Dorchester father mourns son; hopes wife and daughter will recover from Boston Marathon injuries

Martin William Richard in recent family photo. The 8-yera-old Dorchester boy was killed in the Boston Marathon bombings.
Martin William Richard in recent family photo. The 8-yera-old Dorchester boy was killed in the Boston Marathon bombings. Richard Family photo

The father of Martin William Richard today said he is trying to both grieve the death of his 8-year-old son, who was killed at the Boston Marathon bombings, and help his wife and daughter recover from injuries they suffered during the terrorist attack on Monday.

“My dear son Martin has died from injuries sustained in the attack on Boston. My wife and daughter are both recovering from serious injuries,’’ Bill Richard said in a statement released this afternoon. “We thank our family and friends, those we know and those we have never met, for their thoughts and prayers. I ask that you continue to pray for my family as we remember Martin.’’

He added, “we also ask for your patience and for privacy as we work to simultaneously grieve and recover. Thank you.”

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The scene at Hemenway Park (Billy Baker/Globe Staff)

At Hemenway Park, where the third-grader at the nearby Neighborhood House Charter School played during gym class, friends and classmates created a makeshift chalk memorial for Martin. In chalk, they wrote messages of love and prayer, telling the young boy that they loved him and would never forget him.

In the playground below the memorial, the children played while their parents whispered. Introducing the tragedy was happening slowly, they said, but the children were communicating with each other, trying to explain something unexplainable.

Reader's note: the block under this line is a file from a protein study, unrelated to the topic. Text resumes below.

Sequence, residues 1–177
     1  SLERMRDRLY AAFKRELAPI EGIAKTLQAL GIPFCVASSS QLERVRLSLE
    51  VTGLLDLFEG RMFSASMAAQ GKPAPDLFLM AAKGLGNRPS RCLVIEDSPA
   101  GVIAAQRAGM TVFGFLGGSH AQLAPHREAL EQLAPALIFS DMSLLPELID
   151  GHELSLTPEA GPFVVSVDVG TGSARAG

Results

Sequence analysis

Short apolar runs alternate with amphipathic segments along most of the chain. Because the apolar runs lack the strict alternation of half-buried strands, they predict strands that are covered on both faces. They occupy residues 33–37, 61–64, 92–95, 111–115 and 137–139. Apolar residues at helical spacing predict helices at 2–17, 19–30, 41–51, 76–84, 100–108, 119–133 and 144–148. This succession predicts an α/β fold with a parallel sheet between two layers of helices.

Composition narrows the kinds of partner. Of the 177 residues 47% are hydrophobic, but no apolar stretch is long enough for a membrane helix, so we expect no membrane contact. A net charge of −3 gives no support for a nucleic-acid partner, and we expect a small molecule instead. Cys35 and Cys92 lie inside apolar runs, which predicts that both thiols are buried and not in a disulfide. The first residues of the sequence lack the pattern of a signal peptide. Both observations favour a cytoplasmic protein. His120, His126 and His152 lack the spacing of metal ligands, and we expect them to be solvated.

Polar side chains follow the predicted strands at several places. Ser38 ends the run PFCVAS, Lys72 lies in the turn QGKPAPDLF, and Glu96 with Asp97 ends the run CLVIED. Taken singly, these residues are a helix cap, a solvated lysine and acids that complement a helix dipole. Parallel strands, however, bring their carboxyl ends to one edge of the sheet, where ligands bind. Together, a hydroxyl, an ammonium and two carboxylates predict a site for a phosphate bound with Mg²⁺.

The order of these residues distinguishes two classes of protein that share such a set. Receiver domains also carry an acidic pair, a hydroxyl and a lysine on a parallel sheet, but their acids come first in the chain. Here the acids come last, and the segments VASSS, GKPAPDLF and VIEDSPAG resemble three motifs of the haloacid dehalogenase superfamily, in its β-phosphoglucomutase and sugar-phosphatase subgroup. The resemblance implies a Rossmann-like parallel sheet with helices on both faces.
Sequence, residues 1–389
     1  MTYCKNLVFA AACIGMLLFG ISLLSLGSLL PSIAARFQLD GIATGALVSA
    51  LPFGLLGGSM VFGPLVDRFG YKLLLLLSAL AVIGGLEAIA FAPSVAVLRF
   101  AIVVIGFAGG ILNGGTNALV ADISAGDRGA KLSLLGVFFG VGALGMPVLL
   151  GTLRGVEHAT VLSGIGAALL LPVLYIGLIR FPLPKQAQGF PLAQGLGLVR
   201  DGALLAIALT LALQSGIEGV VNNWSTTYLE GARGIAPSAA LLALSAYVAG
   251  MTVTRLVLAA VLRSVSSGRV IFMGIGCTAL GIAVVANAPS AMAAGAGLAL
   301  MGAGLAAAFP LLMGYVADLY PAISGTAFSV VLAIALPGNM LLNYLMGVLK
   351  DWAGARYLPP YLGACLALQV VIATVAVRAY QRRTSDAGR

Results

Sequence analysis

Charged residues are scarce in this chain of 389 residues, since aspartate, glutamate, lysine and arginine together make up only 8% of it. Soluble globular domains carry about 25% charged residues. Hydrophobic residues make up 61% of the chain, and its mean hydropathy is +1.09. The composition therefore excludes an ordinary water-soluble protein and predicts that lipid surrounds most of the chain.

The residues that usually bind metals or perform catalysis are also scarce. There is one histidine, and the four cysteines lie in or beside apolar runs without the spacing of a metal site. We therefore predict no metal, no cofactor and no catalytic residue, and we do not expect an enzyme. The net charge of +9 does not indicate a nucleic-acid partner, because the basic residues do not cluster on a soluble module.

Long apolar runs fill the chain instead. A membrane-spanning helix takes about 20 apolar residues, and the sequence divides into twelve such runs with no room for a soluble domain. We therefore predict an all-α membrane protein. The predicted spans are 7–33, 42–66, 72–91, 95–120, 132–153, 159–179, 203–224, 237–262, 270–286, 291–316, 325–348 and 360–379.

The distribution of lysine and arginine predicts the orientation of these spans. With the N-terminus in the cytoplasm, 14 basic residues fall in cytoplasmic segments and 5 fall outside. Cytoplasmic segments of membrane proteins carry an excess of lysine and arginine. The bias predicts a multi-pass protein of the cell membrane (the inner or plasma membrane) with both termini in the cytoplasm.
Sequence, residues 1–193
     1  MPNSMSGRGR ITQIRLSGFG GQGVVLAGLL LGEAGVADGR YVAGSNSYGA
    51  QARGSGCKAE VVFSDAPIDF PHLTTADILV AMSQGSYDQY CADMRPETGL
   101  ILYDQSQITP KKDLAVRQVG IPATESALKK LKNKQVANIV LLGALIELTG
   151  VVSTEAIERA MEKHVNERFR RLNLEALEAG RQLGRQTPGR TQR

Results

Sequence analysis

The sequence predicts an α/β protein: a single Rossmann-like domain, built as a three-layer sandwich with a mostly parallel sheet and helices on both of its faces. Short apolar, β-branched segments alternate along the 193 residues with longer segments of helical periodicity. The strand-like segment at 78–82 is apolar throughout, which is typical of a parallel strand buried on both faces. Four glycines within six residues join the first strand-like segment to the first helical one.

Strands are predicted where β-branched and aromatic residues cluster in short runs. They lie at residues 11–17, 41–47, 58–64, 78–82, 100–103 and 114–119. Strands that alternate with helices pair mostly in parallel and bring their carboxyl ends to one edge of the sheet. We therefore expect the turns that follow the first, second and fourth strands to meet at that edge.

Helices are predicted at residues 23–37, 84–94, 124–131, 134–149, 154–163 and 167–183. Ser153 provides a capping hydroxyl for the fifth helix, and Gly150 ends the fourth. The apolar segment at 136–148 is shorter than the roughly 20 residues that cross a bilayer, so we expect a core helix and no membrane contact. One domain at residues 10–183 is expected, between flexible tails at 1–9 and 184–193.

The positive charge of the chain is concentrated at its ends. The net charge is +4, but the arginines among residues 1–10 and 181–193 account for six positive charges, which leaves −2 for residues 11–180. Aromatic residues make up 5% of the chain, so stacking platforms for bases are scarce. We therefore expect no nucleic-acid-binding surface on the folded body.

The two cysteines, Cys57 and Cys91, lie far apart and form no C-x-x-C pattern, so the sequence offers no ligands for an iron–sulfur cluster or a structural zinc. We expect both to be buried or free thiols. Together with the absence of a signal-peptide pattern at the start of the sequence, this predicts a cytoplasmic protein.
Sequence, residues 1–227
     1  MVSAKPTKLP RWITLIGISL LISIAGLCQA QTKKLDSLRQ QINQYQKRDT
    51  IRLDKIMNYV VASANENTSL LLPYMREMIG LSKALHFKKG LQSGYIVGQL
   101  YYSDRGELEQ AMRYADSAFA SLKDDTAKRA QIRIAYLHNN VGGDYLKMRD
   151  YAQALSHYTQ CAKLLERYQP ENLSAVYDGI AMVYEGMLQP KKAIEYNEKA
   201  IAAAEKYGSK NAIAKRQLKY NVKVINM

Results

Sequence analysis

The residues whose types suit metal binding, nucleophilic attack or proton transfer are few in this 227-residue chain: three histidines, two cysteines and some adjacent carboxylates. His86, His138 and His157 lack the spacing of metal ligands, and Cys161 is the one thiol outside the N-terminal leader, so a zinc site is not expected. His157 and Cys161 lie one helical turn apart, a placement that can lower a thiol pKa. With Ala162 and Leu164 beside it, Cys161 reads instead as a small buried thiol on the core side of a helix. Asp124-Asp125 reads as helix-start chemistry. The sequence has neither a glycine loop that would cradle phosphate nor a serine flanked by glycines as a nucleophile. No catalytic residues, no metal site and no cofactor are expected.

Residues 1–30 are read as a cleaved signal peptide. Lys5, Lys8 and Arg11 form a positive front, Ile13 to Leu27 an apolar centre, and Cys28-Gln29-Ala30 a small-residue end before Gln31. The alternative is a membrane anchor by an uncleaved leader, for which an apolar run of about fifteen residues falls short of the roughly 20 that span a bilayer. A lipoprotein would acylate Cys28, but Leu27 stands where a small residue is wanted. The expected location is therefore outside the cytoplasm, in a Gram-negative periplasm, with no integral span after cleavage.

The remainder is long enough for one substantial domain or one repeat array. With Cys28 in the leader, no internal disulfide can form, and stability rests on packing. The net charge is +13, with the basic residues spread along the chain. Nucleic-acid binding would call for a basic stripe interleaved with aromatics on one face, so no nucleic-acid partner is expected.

The Richard family has strong ties to the school. Richard and his sister, Jane, attended while their mother, Denise, is the school’s librarian, the school said in a statement. Bill Richard and surviving son, Henry, were also known to the school’s staff and students.

“We are a small school and everyone knows and loves each other,’’ Headmaster Kevin Andrews said in a statement. “They are a wonderful family and represent the very best this city has to offer.’’

Andrews, who said counselors are being brought in for students and their families, described Martin Richard as a “bright, energetic young boy who had big dreams and high hopes for his future. We are heartbroken by this loss.’’

According to Boston City Councilor Frank Baker’s office, the Meetinghouse Bank has set up an account to accept donations for the Richard family.

Grief-stricken neighbors today described the 8-year-old Dorchester boy as a child full of life who was part of a very close-knit family.

“They were always together,’’ neighbor Jane Sherman said of the Richard family, who live next door to her on Carruth Street in Dorchester. “This is the worst tragedy I have ever been through in my life. It’s a horrific situation.’’

Martin Richard is one of three people to die in the blast that also wounded 176 others, 17 of them critically, according to family and officials.